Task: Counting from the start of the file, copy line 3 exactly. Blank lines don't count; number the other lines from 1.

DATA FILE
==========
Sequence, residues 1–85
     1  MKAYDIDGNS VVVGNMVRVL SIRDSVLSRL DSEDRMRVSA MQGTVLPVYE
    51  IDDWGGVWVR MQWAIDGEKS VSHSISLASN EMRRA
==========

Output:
    51  IDDWGGVWVR MQWAIDGEKS VSHSISLASN EMRRA